Correlation of Inferior Vena Cava diameter and IVC Collapsibility Index with central venous pressure (CVP) in critically ill surgical patients
Central Venous Pressure is a valuable parameter in the management of critically ill surgical patients in the ICU. Non-invasive methods to extrapolate the volume status of the patient can aid clinicians in expediting proper treatment. The objective of this study is to find a correlation between Inferior Vena cava (IVC) diameter and collapsibility index (CI) with Central venous pressure (CVP) in critically ill surgical patients.
This cross-sectional study included 60 critically ill patients from September 2020 – 31st February 2021. We recorded the patient's age, sex, heart rate, blood pressure, CVP, volume status, IVC minimum, and maximum diameter. After taking consent and explaining the procedure to the patient, the maximum IVC anteroposterior diameter was noted at the end of inspiration and end of expiration in centimeters. IVC collapsibility index was calculated using the formula ([IVCdmax-IVCdmin]/IVCdmax*100%). Following this, the CVP of the patient was measured.
Among the patients evaluated, 32 were females. The mean age of the participants was 44.90 ± 15.76 years. The mean central venous pressure maintained was 11.10 ± 2.11cm H2O with an inferior vena cava collapsibility index of 29.69 ± 8.75. There was a negative correlation between CVP and IVC collapsibility index (%), which was statistically significant (r = -0.701, n = 60, p < 0.01). A strong positive correlation between CVP and maximum IVC diameter (r = 0.712, n = 60, p < 0.01) and minimum IVC diameter (r = 0.796, n = 60, p < 0.01) was found.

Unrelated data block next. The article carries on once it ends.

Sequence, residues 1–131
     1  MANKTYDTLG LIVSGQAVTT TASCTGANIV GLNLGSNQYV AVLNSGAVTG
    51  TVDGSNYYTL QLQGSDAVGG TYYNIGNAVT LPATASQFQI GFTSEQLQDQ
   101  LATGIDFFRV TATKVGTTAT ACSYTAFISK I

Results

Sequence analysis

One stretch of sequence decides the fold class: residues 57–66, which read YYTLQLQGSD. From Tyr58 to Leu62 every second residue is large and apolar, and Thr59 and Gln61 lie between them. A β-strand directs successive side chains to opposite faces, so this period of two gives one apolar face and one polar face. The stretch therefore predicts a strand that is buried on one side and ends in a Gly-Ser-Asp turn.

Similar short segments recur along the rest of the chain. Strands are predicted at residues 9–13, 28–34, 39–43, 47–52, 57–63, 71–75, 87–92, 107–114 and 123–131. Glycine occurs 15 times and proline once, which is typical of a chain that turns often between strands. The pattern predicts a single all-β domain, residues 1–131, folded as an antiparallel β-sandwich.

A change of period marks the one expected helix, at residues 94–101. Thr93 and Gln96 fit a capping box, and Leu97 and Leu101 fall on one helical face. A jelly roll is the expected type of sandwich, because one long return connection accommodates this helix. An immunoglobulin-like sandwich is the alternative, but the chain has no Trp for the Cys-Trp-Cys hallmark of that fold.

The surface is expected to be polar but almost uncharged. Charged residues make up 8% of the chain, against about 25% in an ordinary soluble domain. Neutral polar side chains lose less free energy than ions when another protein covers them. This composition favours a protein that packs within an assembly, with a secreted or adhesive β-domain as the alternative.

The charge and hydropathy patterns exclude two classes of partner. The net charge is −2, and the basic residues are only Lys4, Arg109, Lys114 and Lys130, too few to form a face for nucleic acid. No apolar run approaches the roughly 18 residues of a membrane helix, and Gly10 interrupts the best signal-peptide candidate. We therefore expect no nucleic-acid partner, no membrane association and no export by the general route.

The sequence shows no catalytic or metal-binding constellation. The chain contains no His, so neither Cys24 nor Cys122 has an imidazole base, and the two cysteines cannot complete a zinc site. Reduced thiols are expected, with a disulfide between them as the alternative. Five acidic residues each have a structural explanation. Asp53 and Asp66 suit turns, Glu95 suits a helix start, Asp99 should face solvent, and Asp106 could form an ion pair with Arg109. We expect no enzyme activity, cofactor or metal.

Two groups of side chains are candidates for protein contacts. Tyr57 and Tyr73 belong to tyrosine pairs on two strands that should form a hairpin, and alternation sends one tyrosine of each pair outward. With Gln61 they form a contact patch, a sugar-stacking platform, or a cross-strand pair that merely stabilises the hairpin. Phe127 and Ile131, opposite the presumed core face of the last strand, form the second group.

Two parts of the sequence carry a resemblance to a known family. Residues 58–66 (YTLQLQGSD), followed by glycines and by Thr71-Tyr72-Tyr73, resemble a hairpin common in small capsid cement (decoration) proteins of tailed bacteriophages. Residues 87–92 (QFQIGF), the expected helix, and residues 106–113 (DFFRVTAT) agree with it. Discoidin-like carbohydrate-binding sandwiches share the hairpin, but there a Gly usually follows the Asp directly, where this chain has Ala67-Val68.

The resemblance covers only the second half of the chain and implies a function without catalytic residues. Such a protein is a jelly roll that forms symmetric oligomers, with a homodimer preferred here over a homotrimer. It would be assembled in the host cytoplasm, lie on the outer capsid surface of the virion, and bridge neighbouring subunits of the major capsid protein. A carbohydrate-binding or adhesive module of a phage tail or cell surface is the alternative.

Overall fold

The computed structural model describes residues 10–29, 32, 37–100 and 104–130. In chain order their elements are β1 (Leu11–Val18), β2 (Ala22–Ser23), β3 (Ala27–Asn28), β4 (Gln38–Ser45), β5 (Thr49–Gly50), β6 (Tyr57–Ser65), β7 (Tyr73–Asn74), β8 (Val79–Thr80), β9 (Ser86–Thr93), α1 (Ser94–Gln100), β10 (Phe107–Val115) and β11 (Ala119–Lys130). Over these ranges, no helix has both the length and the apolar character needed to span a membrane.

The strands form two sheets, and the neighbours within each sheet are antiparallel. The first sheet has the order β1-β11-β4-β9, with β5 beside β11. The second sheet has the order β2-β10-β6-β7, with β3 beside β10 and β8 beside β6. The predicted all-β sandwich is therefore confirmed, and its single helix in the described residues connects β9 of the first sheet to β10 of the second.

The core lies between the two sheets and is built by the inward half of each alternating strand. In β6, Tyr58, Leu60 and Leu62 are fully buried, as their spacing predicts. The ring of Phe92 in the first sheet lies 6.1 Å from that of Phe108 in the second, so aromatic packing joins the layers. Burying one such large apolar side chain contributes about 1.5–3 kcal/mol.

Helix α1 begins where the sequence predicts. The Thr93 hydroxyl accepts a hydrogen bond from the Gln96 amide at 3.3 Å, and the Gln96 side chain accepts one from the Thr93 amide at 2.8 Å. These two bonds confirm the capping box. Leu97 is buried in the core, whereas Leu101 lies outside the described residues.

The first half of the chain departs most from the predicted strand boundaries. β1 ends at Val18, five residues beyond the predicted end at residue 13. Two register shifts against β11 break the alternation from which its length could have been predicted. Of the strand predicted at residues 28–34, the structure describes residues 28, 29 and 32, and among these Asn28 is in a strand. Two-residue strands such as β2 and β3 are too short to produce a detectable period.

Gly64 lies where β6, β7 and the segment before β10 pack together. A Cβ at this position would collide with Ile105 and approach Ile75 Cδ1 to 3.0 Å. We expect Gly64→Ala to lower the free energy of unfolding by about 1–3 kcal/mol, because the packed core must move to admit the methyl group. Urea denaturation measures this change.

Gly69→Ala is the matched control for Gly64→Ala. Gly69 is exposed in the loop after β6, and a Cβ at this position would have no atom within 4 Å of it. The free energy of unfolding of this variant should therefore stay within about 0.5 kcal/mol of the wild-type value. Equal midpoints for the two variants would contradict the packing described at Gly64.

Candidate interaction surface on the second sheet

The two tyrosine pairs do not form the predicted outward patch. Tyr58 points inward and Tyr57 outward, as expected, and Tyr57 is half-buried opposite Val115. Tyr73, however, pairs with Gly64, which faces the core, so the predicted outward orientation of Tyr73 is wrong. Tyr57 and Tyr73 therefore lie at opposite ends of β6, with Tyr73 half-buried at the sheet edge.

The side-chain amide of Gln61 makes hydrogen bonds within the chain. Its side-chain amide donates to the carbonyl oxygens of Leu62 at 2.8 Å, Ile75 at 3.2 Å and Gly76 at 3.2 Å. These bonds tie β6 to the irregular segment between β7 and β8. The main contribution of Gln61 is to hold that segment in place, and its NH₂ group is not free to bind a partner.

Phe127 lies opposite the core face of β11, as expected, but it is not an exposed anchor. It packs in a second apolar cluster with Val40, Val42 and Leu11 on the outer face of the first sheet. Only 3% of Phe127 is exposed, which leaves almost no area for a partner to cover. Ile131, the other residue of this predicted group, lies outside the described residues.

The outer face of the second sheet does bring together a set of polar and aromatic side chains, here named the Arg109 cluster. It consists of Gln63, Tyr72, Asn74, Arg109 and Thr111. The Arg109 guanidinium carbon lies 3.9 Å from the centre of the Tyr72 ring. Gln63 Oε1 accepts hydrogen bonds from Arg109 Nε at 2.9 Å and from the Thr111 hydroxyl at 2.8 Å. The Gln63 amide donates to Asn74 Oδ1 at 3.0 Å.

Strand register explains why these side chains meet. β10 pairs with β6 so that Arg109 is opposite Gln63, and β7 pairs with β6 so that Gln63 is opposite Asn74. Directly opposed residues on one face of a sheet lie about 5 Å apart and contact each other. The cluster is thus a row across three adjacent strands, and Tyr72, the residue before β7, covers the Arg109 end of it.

Inferior Vena Cava diameter and IVC Collapsibility Index can be used as a reliable substitute to central venous pressure to determine the patient's volume status.
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